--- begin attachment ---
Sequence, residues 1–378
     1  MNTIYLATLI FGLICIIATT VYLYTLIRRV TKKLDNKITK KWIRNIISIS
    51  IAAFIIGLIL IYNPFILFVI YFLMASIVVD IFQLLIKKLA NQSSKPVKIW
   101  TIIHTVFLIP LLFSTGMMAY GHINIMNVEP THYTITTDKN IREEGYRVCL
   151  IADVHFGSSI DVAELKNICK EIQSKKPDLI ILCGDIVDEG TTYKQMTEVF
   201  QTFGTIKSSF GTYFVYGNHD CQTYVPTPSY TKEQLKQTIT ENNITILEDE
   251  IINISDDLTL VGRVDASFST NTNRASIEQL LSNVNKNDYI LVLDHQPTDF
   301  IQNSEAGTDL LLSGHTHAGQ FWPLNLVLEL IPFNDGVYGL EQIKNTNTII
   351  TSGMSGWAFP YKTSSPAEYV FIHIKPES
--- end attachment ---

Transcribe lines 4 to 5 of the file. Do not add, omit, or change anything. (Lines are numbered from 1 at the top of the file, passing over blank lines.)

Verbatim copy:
   101  TIIHTVFLIP LLFSTGMMAY GHINIMNVEP THYTITTDKN IREEGYRVCL
   151  IADVHFGSSI DVAELKNICK EIQSKKPDLI ILCGDIVDEG TTYKQMTEVF